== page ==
Perception: How it works against you.
I recently had a discussion with a close friend about perception. My friend maintained that a smart and logical person is capable of looking past perception so that it doesn’t have an impact on their decision making. I maintained that regardless of intelligence, perception can undermine what you are trying to do or say before you have even done anything. This wasn’t in regards to Martial arts but after reading a very well written article by Graham Kuerschner in Blitz magazine titled ‘All Eyes On You’ on how the public sees martial arts as ‘glorified brutality’, I was bought back to the discussion with my friend, if you can find a copy its worth a read.
Perception in the world is very important, it’s not always good or accurate but it’s still important. Smart people are just as influenced by perception as anyone else. If not more so. Politicians rely on perception to get into power and a change in perception can cost them their position. Would you vote for a politician that looks corrupt or insincere? Businesses use perception so people will trust their products and buy what they sell. If they are perceived to be cheating employees out of their wages (http://tiny.cc/4bzqkz) or their products are environmentally unfriendly (http://tiny.cc/mozqkz) or they involved with criminal activity than people don’t buy their products and the company fails. Think about the perception of made in china. Most perceive products that are made in china to be cheap and poor quality even if they are good quality or just as good as products made anywhere else. This keeps prices down and sales lower for more expensive items that have made in china on them. Actors rely on perception for people to want to come and watch their movies. Well know actors are perceived to be draw cards for a movie so can command high pay cheques to get bums in seats. Just think about the negative perception people now have about priests being around children, would you take the risk? No one is going to take the risk on someone or something that is perceived negatively. Just look at our entire economy, it’s based-on perception. The stock market is one big melting pot of perception. As the events of the GFC and even dramatic drops on the Dow Jones (http://tiny.cc/ee0qkz).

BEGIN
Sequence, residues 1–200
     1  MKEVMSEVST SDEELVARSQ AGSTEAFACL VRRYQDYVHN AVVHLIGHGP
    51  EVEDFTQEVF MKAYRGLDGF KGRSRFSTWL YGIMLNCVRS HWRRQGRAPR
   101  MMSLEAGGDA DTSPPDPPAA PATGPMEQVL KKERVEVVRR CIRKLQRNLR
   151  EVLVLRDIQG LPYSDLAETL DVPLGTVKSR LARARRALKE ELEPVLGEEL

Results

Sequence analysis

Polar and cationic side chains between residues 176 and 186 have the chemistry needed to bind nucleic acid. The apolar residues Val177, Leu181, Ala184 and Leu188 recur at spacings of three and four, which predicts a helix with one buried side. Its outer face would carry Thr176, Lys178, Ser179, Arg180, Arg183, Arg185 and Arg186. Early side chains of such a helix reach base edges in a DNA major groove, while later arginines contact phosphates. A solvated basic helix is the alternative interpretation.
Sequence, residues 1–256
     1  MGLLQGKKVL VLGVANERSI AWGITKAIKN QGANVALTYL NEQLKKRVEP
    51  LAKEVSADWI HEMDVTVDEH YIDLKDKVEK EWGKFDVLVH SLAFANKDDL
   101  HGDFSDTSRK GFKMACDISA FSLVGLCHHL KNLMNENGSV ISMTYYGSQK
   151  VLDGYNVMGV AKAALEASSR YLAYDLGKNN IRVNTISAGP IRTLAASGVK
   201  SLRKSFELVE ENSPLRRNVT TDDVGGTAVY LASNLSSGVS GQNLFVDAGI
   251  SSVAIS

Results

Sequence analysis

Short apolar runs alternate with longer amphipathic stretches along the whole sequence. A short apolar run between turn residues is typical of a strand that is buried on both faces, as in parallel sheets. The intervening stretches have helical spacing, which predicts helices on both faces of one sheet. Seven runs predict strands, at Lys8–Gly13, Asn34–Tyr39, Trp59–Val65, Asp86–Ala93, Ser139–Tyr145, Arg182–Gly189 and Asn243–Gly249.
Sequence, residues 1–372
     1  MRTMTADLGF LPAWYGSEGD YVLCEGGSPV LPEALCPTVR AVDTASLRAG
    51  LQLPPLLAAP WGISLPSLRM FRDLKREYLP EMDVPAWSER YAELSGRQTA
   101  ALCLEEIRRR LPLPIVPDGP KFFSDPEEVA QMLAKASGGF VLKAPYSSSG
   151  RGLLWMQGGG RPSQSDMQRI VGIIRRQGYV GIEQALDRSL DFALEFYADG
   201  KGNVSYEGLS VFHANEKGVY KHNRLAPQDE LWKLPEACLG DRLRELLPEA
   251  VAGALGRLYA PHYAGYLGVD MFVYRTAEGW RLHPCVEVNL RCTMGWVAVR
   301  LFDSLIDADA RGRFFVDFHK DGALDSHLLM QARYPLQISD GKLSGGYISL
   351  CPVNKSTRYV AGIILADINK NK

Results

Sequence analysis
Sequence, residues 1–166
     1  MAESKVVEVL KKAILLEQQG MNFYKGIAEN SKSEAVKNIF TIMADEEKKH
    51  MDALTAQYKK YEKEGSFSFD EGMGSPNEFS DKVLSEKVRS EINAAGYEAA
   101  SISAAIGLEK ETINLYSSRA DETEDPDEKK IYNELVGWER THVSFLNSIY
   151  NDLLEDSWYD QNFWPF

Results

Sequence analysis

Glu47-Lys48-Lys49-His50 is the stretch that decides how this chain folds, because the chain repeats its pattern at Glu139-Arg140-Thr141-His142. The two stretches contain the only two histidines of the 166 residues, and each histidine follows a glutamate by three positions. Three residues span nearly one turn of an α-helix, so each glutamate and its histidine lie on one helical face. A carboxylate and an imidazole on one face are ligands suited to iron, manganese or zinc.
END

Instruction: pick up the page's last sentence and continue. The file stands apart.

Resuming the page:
With this in mind, the perception that others have on martial artists can be a big problem, should you ever be involved in a self-defense situation. As the article by Graham Kuerschner explains, the presence of mobile phones and cameras being everywhere today and how these have changed people’s attitudes towards violence.
Some may argue that video evidence is a great way of proving self-defense by saying the video doesn’t lie. They would be incorrect. Video captures what is in its field of view, from one perspective and at a certain time. If someone pulls their phone out after the fighting has started, then only part of the fight is recorded and most likely the part where (hopefully) you win. It doesn’t capture any insults, pushing or other aggressive and threatening behaviour before the fight starts. The problem there is from the perspective of the video you have just smashed some guy, that’s it. It shows you punching and kicking someone and them on the ground rather than you. From this perspective you aren’t the defender, you are the aggressor.
An example of how things can look bad on camera, a police officer punches a woman she’s attempting to arrest because the officer said she was trying to bite her. The camera angle doesn’t show the attempted biting just the woman’s head lean forward. The footage makes this look really bad. http://www.news.com.au/national/nsw-act/news/woman-knocked-unconscious-during-byron-bay-arrest/news-story/7472782dd11e4dccb73e28b4409508eb.
The officer was doing her job with an intoxicated woman who tried to bite her and had to defend herself. The camera doesn’t show everything and what’s worse you can end up focusing on the reaction not the cause, e.g. the attempted biting.
After any physical encounter incident is over you must remember there will most likely be a police investigation and depending on the seriousness of the incident you may find yourself dragged before a judge and jury.
I’m sure you’ve heard about justifiable force, reasonable response or any other terms used to justify defending yourself, in self-defense situations.
These are terms used by police to assess if you may have not been justified in using the force you did and that means you may be arrested. If you go before a judge and jury, you can argue your case using these terms but you have to be able to justify the force used to the judge and jury. It doesn’t matter if you think what you did was justified, you must convince others of that.